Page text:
Three Lovely Things to Think On: Rilke, Paul Gauguin & Music from Wong Kar-wai's 'In the Mood for Love'
Shortly after the 2016 presidential election, I spoke with an educator who told me about an essay written by a 16-year-old student. Like the advice Nick Carraway received from his father on the opening page of The Great Gatsby, it's something I've been turning over in my mind ever since.
Donald Trump won the election, the high-schooler said, because he only thinks positive things about himself even if they're not true. But that's not all he did. He also managed to get everyone else to think negative thoughts. You can't win when you get negative. You just can't.
This was one of those insights about which I could only say, "Out of the mouths of babes." Surely there were many quantitative factors that led to the election's outcome. Systematic, carefully orchestrated help from Russia, for example. An electoral college system that permits a minority vote-getter to secure the Oval Office. James Comey's ill-timed statements about the Clinton email investigation. And many more. But the words of that 16-year-old essayist seemed to get to the heart of the matter. They also reminded me of her famous 20th-century precursor.
In 1903, James Allen wrote a significant little book which says, "As a man thinketh, so shall he be."
I've been reflecting on that line lately because I've taken a few days to absent myself from the news. Funny how a little adjustment like that can make a difference in the way you feel. Not that I've got my head in the sand. You can't do that entirely.
But backing away from the daily mayhem seems to have improved my overall sense of well-being.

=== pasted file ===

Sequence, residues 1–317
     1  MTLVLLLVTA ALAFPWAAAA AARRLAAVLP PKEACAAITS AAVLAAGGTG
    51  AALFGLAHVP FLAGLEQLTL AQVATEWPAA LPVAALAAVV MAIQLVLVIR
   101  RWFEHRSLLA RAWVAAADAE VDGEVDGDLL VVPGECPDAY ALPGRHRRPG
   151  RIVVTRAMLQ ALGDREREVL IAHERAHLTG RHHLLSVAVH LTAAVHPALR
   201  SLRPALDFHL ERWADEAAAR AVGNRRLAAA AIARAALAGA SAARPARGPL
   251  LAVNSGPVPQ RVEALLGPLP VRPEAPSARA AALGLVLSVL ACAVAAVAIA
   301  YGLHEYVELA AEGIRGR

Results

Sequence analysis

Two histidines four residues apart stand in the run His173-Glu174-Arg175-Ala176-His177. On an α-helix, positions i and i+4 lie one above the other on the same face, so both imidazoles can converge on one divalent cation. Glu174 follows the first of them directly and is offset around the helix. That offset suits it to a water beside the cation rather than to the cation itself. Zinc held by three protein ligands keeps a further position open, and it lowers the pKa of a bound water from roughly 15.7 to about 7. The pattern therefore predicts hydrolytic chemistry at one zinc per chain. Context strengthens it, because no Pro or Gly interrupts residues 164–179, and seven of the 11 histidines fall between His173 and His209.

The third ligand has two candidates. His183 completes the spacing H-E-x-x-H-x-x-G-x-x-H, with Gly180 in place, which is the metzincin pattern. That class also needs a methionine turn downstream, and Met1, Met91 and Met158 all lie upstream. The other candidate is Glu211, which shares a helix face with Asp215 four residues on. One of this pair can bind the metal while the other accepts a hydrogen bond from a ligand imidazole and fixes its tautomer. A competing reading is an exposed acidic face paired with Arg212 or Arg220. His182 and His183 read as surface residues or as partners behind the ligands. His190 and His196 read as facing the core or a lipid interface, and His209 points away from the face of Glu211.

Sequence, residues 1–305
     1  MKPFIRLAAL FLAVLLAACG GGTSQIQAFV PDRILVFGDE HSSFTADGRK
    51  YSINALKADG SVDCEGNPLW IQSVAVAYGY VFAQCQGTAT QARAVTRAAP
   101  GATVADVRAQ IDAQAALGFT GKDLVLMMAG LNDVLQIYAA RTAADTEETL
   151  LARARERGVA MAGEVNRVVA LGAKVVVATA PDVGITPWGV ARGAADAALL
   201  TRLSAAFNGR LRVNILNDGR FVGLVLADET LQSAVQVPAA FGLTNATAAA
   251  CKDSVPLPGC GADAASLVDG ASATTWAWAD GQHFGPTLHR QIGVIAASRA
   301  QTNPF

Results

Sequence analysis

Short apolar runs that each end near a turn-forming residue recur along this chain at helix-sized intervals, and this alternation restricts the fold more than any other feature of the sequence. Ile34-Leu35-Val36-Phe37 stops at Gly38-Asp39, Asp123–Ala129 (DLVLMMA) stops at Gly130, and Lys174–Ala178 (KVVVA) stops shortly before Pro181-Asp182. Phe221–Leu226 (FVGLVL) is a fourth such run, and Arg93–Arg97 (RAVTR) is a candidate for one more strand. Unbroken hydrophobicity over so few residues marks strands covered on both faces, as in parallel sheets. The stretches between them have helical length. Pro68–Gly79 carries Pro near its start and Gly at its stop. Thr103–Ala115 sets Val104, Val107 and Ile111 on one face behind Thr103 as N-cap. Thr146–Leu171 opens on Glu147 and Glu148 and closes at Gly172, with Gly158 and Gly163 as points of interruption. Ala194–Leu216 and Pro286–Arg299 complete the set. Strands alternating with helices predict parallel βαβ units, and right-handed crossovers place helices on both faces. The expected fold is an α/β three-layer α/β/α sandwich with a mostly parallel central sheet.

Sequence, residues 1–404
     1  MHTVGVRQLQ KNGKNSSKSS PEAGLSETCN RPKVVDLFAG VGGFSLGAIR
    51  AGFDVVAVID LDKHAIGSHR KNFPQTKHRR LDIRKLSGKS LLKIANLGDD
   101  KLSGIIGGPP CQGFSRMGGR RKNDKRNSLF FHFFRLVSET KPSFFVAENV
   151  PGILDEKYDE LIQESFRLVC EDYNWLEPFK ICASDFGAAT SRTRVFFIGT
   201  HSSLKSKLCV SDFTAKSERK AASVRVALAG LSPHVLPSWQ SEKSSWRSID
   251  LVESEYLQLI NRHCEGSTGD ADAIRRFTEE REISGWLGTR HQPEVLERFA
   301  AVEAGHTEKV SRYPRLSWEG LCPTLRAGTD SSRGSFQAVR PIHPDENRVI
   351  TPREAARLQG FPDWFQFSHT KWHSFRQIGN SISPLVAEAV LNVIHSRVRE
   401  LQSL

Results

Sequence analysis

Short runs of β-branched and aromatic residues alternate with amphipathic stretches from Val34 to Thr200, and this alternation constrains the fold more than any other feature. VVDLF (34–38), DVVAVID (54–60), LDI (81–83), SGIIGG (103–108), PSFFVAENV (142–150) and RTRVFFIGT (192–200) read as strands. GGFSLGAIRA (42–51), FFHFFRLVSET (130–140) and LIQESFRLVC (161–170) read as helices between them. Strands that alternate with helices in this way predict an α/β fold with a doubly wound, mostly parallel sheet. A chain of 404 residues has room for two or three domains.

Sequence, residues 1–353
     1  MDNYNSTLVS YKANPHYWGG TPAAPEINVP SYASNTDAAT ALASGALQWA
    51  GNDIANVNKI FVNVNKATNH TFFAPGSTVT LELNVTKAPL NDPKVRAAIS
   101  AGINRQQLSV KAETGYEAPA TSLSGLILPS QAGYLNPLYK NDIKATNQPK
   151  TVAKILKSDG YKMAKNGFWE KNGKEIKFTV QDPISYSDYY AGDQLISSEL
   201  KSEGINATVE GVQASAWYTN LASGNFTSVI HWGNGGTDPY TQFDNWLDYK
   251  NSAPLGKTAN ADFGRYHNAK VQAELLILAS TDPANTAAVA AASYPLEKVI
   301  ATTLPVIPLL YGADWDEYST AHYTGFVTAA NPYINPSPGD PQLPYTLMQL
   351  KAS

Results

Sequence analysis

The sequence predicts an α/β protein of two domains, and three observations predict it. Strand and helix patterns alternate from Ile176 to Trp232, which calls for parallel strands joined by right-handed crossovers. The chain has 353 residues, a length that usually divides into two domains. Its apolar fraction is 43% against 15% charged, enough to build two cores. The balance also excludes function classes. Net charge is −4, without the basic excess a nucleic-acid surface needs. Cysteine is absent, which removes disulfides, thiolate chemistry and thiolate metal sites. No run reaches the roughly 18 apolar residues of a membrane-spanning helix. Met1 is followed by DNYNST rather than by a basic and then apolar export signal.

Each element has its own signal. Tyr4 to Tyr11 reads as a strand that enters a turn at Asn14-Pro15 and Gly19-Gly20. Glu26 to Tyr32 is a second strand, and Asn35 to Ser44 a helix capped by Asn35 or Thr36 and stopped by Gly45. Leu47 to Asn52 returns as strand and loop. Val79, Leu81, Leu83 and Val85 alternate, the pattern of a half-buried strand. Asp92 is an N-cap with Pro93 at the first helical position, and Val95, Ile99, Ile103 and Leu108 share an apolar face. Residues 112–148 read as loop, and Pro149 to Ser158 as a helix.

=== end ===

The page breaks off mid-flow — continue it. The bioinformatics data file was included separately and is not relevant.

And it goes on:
I've heard it said that you can't solve a problem by focusing on it too much. That only makes the problem larger and more difficult in your mind. Solutions come when you step back far enough to see the big picture.
It also helps, I've found, to bear in mind what St. Paul said about thought. You know the line. "Whatever is true, honorable and right, whatever is pure, lovely, and of good repute--if there be anything excellent worthy of praise, let your mind think on those things."
To that end, dear friends, here are three things that seem to fit Paul's paradigm. They make me feel better. Maybe you'll get something from them too.
A Quote from Rilke
"Your solitude will be a support and a home for you,
even in the midst of very difficult circumstances,
and from it you will discover all your paths."
― Rainer Maria Rilke
Letters to a Young Poet, 1929
A Painting by Paul Gauguin
The Siesta, c. 1892-1894 via The Metropolitan Museum of Art
A Composition by Shigeru Umebayashi
Yumeji's Theme from Wong Kar-Wai's In the Mood for Love
I like big books, and I cannot lie. My background includes talk radio, newspapers and TV news. I've hosted a morning-drive classical music program on the California coast and published nationally in Reader's Digest, the Christian Science Monitor, and Playboy. I've won awards for my journalism and my fiction. One of my essays even made it into an anthology for college English courses. For real? Yes, for real.
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